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Sigmund Freud

DORA: ‘FRAGMENT OF AN

DORA: ‘FRAGMENT OF AN ANALYSIS OF A CASE OF HYSTERIA’ (1905) The case of ‘Dora’ was originally recorded by Freud in 1901 from a patient he saw in 1900. Dora was in reality an eighteen-year-old girl named Ida Bauer, brought by her father to see Freud against her own inclination. She was suffering from recurrent depression, fits of coughing, fainting spells and the periodic loss of her voice, amongst other hysterical symptoms. She had become withdrawn from her father, with whom she had once been close, and she was on very bad terms with her mother. Dora’s father brought her to Freud after they found a note in her desk declaring her intention of committing suicide. Freud quickly discovered a complicated sexual and emotional triangle (or square) that included the girl – though it was not of her making – that had obviously affected her deeply. The situation was as follows. Dora’s whole family, but especially her father and herself, were very close to a couple, Herr and Frau K., whom they had met at a health resort that Dora’s father had attended to try and cure his tuberculosis. It emerged quite early in the analysis that Dora was aware that Frau K. and her father were having an affair. Yet Frau K. was also intimate friends with Dora, and Dora looked after the K.s’ children, becoming ‘almost a mother to them’. Dora was also very friendly with Herr K. When she was fourteen Herr K. made sexual advances towards Dora, which she spurned. This did not, however, seem much to affect the general intercourse between the two families. When Herr K. again propositioned Dora two years later she again reacted negatively and with another bout of hysterical symptoms. Her father, at this point, brought her to see Freud. The setting for Dora’s illness – her convoluted family relations – reads like a late Victorian melodrama full of sexual intrigue and unspeakable suspicions. By telling Freud her family history, Dora exposed the adult affairs that surrounded her and protested her unwilling place in the scheme of events. Dora told Freud that she felt that her father and Frau K. had offered her to Herr K. to appease him; if Herr K. agreed to overlook Frau K.’saffair with Dora’s father, Dora’s father would hand over Dora for Herr K.’s pleasure. It is a sordid and upsetting tale to read now about a girl who was between fourteen and sixteen at the time when most of these events occurred. Freud accepts Dora’s version of the events – he explicitly does not believe the version that Dora’s father proffers, that Dora simply fantasised Herr K.’s advances. And yet Freud is also part of the chain of powerful adults who treat Dora as an object of exchange. Freud describes how Dora’sfather‘handed her over to me for psychotherapeutic treatment’ (Freud 1905a: 49). With this ‘handing over’ Freud, too, becomes a player in the drama of Dora, reshaping her story to suit the needs of his psychoanalytic theory. Unlike Freud’s doctor–patient relationship with the Rat Man or the Wolf Man, Dora and Freud had a combative relationship from the beginning. The case history of Dora has been seen as a struggle between Dora and Freud to tell the story of Dora’s hysteria. Freud’s treatment of Dora is fascinating but often quite upsetting to read about. In my earlier discussion of Studies on Hysteria I talked of the ways in which hysterics suffer from gaps in their memories. The traumatic origins of their repressed desires are lost or missing. They themselves often seem like fragmented persons, unable to use their native language, or sometimes even their own limbs. One goal of psychoanalytic therapy was to help fill in these gaps in women hysterics’ stories – to make them readable to themselves. Listening to what the patient had to say about her dreams and free associations allowed Freud to suggest new versions of the contents of the patient’s mind and the actions of the patient’s body. But there is a danger in this sort of activity, as we have seen in the case of the Wolf Man; the story that the analyst wants to tell about the patient may not always be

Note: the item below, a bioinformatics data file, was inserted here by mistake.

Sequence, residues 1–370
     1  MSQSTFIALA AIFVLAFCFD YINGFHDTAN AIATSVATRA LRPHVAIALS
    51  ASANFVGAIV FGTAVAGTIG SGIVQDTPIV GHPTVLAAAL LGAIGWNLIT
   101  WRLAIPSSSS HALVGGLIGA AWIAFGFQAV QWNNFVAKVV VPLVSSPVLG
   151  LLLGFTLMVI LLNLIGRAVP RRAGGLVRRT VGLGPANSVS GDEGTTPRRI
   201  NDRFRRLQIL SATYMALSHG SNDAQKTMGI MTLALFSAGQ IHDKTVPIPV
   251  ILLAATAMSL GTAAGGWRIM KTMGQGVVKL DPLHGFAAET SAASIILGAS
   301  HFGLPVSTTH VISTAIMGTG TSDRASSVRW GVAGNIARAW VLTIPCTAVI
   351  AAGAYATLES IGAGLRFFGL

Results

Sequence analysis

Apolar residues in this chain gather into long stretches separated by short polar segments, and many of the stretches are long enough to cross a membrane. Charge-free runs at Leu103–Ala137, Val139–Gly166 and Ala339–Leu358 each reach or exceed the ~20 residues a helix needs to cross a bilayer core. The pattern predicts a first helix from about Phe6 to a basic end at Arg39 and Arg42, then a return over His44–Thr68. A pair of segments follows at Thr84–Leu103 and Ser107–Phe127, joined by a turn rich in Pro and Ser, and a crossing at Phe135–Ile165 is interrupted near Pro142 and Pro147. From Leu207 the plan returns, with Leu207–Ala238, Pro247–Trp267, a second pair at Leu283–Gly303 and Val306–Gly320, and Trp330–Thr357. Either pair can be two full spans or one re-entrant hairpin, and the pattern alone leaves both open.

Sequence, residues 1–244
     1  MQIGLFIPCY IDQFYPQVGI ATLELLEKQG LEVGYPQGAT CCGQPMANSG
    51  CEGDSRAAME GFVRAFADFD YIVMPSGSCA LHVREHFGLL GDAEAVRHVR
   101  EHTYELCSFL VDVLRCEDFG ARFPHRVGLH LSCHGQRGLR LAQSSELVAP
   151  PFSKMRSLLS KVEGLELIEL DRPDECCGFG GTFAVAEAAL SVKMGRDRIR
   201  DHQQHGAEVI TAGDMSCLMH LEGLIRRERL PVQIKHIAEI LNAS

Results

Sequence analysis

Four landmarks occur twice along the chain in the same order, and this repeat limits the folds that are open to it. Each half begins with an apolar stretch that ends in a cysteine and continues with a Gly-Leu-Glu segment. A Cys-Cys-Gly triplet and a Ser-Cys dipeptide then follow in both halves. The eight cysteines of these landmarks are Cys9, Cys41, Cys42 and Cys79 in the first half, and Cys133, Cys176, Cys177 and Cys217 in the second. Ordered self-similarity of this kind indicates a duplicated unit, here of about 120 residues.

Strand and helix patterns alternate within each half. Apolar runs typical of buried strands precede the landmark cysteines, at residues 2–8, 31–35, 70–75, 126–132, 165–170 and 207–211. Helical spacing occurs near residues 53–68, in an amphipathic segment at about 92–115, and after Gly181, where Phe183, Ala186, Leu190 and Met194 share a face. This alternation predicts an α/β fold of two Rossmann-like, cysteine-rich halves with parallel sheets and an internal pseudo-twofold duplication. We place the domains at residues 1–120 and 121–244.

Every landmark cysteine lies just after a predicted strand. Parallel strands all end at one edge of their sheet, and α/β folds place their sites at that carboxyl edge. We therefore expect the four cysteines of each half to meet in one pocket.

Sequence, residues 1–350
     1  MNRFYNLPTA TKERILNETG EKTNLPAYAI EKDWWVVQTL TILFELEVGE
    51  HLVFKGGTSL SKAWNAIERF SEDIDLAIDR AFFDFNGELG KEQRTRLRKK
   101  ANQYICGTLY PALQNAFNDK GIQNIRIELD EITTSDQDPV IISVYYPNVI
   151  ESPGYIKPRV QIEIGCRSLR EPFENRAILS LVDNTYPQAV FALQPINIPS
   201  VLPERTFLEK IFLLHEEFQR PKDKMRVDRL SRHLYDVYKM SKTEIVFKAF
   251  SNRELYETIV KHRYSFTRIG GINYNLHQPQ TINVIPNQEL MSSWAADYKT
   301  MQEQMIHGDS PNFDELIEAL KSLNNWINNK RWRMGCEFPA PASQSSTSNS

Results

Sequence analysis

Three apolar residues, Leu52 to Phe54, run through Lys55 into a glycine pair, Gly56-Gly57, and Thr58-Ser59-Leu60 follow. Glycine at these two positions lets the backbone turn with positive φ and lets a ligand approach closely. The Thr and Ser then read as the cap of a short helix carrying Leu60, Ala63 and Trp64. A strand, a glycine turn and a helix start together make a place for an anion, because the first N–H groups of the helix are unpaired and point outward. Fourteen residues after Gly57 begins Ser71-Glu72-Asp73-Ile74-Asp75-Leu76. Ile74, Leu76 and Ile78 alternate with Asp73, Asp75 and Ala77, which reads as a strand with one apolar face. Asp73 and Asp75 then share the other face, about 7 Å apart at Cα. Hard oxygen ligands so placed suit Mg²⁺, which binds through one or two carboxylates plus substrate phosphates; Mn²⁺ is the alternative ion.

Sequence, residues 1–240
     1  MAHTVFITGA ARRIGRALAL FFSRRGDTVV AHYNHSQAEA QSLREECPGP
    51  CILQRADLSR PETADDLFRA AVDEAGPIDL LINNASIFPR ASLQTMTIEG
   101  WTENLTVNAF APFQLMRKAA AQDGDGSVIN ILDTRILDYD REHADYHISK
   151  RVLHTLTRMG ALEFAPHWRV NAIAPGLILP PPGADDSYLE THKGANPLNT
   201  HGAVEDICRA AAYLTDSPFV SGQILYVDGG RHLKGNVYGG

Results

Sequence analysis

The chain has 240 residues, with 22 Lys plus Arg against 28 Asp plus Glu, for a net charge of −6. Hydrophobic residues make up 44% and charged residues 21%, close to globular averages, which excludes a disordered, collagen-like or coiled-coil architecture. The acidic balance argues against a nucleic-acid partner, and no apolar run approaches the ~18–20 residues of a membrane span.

identical to the story the patient tells about him or herself. The analyst, with his claims to being able to unlock the secrets of the unconscious, can seem quite powerful in relation to the patient; his story may appear to be the more convincing one, particularly when it is backed up by an impressive medical diagnosis and an official case history. Freud’s writing up of Dora’s case contains many moments when Dora disagrees with his interpretations. The most crucial instance of this is Freud’s insistence to Dora that she was actually in love with Herr K., and that her hysteria came in part from her own repressed feelings for him. Dora denies this explanation of Freud’s for much of the therapy, but eventually capitulates to his interpretation, and most of the therapy reads like a battle of wills. For instance, he finds her reactions of disgust to Herr K.’s advances on her when she is fourteen years old ‘already entirely and completely hysterical’ (Freud 1905a: 59). Dora must have been attracted to him, Freud reasons (even stating, admiringly, that Herr K. is a very attractive man), so how could she have spurned his advances? According to Freud, it was because she reacted to him with a hysterical reversal of affect, she repressed her desire for Herr K. and reacted in the opposite way to her unconscious desires. Freud’s interpretations of Dora’s dreams are a tour de force of detective prowess which I highly recommend reading. Yet Freud’s interpretations also seem brutal, forced and insensitive. Dora’s repeated complaints that she does not recall feeling the way Freud insists she must have felt bring forth his virulent insistence upon the superior interpretative power of the analyst, who can delve into the depths of the unconscious. If Dora says No, she really means Yes, because ‘there is no such thing at all as an unconscious “No”’ (Freud 1905a: 92). Any associations that Dora has with anything that Freud suggests can be turned around to prove his point. Any protest, at least in this case history, is filed by Freud under resistance or repression – as an idea that hasn’t made it past the unconscious into consciousness yet. It seems that resistance really is futile in psychoanalysis, at least if you are Dora. Hélène Cixous, the French psychoanalytic literary critic, describes Dora as ‘the core example of the protesting force of women’ (Bernheimer and Kahane 1985:1). Dora became an exemplary feminist heroine, in a sense, by walking out on Freud. Her case is a fragment because she refused to complete her analysis. By doing so, she denied Freud the possibility of an unfragmented, complete story. In Freud’s earlier case from Studies on Hysteria, ‘Elizabeth von R.’, he claims that ‘the whole work was, of course, based on the expectation that it would be possible to establish a completely adequate set of determinants for the events conceived’ (Freud and Breuer 1895:207). This assumption implies that a full set of facts – if the analyst is able to achieve knowledge of them – will yield a complete understanding of the determining factors of a case of hysteria. But, as we have seen in Freud’s sometimes contradictory attitude towards dream interpretation, psychoanalytic theorising can also dispute the possibility of ever being able to gain ‘a full set of facts’. Within the bounds of the case history, which is obviously written by Freud, Dora appears to dispute Freud’s sense of mastery, his claim to total knowledge of her. She finally tells Freud that she is quitting, opening one of her sessions with the following words: ‘Do you know that I am here for the last time today?’–‘How can I know, as you have said nothing to me about it?’–‘Yes, I made up my mind to put up with it till the New Year. But I shall wait no longer than that to be cured.’– ‘You know that you are free to stop the treatment at any time. But for today we will go on with our work. When did you come to this decision?’–‘A fortnight ago, I think.’‘That sounds like a maidservant or a governess – a fortnight’s notice.’